Greenpeace calls HSBC out on financing deforestation

British high street bank HSBC not only has weak standards for ensuring it does not finance unethical palm oil companies, but it also continues to provide services to companies which have violated its policies, said Greenpeace.

bumitama greenpeace peat
Excavators clear intact peatland forests and build drainage canals in an oil palm concession owned by PT Andalan Sukses Makmur, a subsidiary of Bumitama Agri Ltd. Image: © Kemal Jufri / Greenpeace

A new report launched by environmental campaigners Greenpeace International on Tuesday accuses British bank HSBC of supporting deforestation by providing financial services to palm oil companies that are causing rainforest destruction and human rights abuses in Indonesia.

The report, titled Dirty Bankers: How HSBC is financing forest destruction for palm oil, said that HSBC has since 2012 been involved in arranging US$16.3 billion in loans and credit facilities to six errant palm oil firms, and has also raised US$2 billion in bonds for these firms.

The palm oil companies are: Malaysian firm IOI, Indonesian outfits Bumitama Agri and Salim Group, Singapore incorporated Goodhope Asia, Hong Kong-headquartered, Singapore-listed Noble Group, and Korea’s Posco Daewoo Corporation.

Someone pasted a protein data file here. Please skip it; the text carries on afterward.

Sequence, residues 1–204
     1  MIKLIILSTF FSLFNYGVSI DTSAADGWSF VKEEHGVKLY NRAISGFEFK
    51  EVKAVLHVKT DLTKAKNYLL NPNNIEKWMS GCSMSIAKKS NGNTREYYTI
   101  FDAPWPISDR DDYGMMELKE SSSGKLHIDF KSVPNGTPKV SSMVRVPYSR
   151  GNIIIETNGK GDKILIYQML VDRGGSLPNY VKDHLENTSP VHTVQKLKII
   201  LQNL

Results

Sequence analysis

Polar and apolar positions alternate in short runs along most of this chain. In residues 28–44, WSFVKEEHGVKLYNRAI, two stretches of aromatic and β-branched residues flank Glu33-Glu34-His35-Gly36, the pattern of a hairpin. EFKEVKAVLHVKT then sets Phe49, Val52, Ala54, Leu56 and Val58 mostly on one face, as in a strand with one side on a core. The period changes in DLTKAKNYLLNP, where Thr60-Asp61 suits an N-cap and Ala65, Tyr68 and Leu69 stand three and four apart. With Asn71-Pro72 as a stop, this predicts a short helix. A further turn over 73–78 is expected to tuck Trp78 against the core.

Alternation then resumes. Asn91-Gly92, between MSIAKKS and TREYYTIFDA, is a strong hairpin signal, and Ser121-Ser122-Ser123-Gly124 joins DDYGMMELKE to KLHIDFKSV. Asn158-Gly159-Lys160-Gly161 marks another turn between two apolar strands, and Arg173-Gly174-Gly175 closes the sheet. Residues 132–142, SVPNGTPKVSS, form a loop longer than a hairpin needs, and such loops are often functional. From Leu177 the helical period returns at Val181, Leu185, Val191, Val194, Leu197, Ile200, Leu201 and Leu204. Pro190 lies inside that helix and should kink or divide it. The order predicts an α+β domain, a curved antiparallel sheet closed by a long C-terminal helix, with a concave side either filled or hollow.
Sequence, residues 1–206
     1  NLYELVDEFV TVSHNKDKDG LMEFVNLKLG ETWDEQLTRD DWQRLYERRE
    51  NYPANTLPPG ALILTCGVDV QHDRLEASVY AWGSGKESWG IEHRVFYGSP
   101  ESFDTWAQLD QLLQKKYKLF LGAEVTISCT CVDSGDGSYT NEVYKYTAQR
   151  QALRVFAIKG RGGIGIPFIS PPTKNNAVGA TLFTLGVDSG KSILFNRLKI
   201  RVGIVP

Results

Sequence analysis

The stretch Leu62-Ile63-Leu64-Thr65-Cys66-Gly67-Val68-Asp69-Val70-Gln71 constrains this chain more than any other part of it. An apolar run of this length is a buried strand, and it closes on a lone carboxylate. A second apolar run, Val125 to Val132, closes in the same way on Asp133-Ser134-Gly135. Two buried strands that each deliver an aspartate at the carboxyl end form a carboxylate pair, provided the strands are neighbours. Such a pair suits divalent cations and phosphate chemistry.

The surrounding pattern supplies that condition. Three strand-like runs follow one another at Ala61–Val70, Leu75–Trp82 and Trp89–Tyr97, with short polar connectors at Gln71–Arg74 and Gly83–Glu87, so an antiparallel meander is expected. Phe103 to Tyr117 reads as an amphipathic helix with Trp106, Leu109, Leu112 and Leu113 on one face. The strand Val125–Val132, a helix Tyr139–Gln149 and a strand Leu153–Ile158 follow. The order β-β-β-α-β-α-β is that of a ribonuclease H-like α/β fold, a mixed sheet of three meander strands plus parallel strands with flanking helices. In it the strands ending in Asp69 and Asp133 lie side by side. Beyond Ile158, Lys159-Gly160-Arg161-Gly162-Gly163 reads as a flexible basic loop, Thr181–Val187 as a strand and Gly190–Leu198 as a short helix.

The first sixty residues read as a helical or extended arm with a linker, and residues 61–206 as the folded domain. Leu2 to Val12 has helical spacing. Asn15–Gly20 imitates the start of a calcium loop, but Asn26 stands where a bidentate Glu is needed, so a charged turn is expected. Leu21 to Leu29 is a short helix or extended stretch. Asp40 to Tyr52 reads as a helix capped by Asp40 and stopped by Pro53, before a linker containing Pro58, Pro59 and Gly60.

By financing these companies, HSBC is violating its own policies on responsible lending, said Greenpeace. 

Annisa Rahmawati, senior forest campaigner, Greenpeace Southeast Asia, said in a statement that “HSBC claims it is a respectable bank with responsible policies on deforestation.”

“But somehow these fine words get forgotten when it’s time to sign the contracts,” Rahmawati said, adding that forest fires in Indonesia have devastating health and climate impacts. She asked: “So why is HSBC helping to raise billions for the companies fanning the flames?”

But while the campaign focused on HSBC, it is by no means the only bank linked to destructive palm oil companies, said Greenpeace, going on to call HSBC a “relatively progressive” bank that has shown a willingness to engage with its critics.

Japan’s Sumitomo and Tokyo Mitsubishi banks, Singaporean bank DBS, and the Australia and New Zealand Banking Group (ANZ) were also linked to four or more of the case studies highlighted in the report.

But as Europe’s largest bank, HSBC has a responsibility to set high standards for the rest of the sector, noted the group.

Financing deforestation 

Greenpeace used data from financial information company Bloomberg, company annual reports and financial statements to analyse the loans and bonds provided by HSBC to the six companies.